Drone Insurance: Because You Will Crash Your Drone

Drone insurance covers the drone and your liability in case a crash hurts someone or damages property.
Barbara Marquand
By Barbara Marquand 
Edited by Amy Danise

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Drone sales are taking off, and you don't have to shop around much to see why: They're really cool. You can buy recreational drones that perform aerial rolls and flips, record stunning video, follow you automatically and use sensors to avoid obstacles in flight. There’s even a drone you can build yourself out of Lego bricks. And yes, it actually flies.

The Federal Aviation Administration forecast last year that hobbyists would buy 1.9 million drones in 2016 and up to 4.3 million in 2020.

But with high-flying enthusiasm comes down-to-earth reality: Accidents can happen, making insurance a must. Depending on the policy, insurance can cover the drone itself. But the bigger risk is your liability in case the drone crashes into a person, causing injuries, or into somebody's house or car, causing damage. Another risk: Someone suspects you're spying (even though you're not) and sues you for invasion of privacy.

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Check renters or homeowners insurance

Standard renters and homeowners insurance policies likely cover recreational drones, according to the Insurance Information Institute, an industry group. If you have such a policy, the liability insurance would apply to everyone in the household, including any teenage drone enthusiasts.

But it’s important to check with your insurer about coverage for your drone because interpreting a policy can be tricky. Some policies, for example, have an aviation exclusion, which means they don’t cover aircraft, but some do cover model aircraft, says aviation attorney Ryan Hilton of Butler Weihmuller Katz Craig in Tampa, Florida. Is a drone a model aircraft? That’s a question to ask your insurer.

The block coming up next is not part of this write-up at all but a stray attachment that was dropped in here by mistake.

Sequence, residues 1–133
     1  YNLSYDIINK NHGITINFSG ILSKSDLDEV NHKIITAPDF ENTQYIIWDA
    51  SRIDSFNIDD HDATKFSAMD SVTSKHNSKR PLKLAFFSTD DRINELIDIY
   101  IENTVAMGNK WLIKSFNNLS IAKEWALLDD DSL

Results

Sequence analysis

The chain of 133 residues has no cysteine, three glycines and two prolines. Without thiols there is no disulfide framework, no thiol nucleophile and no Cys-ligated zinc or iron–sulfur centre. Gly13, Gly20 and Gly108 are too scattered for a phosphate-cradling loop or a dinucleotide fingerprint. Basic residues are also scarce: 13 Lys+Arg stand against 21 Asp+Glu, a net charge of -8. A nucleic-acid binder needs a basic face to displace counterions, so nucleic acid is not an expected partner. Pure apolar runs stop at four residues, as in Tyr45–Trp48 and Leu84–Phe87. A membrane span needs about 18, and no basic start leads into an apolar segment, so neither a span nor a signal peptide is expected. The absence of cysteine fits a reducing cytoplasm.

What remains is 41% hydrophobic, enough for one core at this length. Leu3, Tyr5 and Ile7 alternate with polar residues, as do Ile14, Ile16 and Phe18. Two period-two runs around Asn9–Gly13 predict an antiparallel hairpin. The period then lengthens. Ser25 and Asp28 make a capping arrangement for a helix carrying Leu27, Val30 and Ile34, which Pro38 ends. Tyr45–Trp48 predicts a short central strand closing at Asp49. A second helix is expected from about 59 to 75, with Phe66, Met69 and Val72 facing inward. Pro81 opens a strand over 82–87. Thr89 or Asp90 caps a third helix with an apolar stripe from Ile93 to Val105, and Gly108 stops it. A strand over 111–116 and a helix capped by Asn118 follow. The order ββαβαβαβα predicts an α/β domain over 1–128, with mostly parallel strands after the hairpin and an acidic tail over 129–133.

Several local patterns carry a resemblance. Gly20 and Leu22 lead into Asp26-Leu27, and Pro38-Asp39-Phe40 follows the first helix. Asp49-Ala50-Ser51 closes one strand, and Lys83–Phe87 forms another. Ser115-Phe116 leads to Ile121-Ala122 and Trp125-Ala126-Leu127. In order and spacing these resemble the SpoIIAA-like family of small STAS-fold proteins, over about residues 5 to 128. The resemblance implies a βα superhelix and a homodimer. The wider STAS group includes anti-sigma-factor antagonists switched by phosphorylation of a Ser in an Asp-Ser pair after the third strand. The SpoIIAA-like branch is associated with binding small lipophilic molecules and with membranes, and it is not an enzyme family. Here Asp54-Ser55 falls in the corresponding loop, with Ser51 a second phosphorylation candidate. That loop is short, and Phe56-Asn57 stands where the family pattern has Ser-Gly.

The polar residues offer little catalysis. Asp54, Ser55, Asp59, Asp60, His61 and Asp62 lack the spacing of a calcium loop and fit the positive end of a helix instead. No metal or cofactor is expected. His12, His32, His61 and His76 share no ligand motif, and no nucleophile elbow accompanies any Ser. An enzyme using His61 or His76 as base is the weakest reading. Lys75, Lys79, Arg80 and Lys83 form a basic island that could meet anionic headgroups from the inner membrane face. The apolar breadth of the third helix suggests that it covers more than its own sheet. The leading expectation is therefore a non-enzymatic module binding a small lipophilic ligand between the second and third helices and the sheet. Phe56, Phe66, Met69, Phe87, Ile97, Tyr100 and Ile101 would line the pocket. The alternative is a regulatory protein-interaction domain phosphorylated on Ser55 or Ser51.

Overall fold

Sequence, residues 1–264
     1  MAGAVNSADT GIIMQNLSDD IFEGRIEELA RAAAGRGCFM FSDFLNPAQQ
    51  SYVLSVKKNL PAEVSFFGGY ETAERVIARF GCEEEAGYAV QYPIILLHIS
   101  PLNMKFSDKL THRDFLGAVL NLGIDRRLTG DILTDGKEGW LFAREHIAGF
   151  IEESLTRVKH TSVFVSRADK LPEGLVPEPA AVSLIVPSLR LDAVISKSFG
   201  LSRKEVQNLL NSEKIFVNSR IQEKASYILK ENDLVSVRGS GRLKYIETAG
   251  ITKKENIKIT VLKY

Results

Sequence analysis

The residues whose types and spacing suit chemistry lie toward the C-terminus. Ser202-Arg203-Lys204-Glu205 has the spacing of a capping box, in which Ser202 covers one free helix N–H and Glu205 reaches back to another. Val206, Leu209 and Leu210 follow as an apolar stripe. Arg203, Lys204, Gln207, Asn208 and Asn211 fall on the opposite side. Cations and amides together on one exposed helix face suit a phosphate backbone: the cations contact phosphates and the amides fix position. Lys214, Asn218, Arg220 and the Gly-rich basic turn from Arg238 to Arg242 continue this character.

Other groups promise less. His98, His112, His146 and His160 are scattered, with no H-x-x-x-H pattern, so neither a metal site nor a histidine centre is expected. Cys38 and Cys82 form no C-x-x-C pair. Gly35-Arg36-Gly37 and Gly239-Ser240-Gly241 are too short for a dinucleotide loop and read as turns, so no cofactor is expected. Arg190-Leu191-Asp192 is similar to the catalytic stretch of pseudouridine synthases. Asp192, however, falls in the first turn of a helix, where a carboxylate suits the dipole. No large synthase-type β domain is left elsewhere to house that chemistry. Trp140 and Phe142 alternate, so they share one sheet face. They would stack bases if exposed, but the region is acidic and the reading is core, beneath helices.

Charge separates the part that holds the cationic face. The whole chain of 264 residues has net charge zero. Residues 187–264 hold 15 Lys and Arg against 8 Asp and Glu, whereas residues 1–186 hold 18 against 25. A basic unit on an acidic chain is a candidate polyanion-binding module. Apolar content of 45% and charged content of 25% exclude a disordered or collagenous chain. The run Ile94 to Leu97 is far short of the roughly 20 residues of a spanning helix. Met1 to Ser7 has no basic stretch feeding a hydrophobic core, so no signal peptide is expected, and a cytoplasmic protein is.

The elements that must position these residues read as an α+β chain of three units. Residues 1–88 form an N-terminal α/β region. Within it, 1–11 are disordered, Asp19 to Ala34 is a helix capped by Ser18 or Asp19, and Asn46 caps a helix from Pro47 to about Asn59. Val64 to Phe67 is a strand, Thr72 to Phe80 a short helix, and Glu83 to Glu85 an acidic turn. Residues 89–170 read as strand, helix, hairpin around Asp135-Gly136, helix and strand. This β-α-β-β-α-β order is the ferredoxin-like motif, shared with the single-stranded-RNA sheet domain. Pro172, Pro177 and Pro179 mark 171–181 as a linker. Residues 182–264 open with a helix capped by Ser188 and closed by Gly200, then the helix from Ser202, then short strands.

If you end up in a legal dispute with your insurance company over a drone claim, most courts will say a drone is a model aircraft, even if the insurer doesn’t agree, adds attorney James Michael Shaw Jr., also of Butler Weihmuller Katz Craig. “But it’s risky to count on the courts to agree with your interpretation if it’s different than the insurance company.”

Drone insurance under your policy

If your homeowners or renters insurance policy does cover recreational drones, it likely would:

  • Reimburse you if the drone is stolen, or if it’s damaged by a disaster covered in the policy, such as a fire.

Good to know: The deductible — the amount subtracted from a claim check — would apply. There might also be a dollar limit on coverage. Ask your insurance company if you can buy more coverage if your drone is worth more than the limit. A renters or homeowners policy will not cover your drone if it crashes or you lose it.

  • Pay medical expenses if the drone injures someone.

Good to know: The policy would not cover injuries to family members or pets. The expenses it pays would be limited to the amount of no-fault medical coverage in the policy. If those expenses exceeded the limit and you were sued, then your liability insurance would kick in.

  • Pay legal expenses and court awards if you’re sued for injuries or property damage the drone causes.

Good to know: You’re on the hook for any damages above the policy’s liability limit. Home or renters insurance will not cover damage by your drone to your own home or car. But your car insurance would cover vehicle damage if you purchased comprehensive insurance, an option that covers damage from falling objects and other disasters.

What renters or home insurance doesn’t cover

Your renters or homeowners insurance won’t cover you if your drone is used for the following reasons:

  • For business purposes. A renters or home insurance policy doesn’t cover business use. Even a simple transaction — say a friend pays you 20 bucks to take photos of his backyard — would count as business use, Hilton says.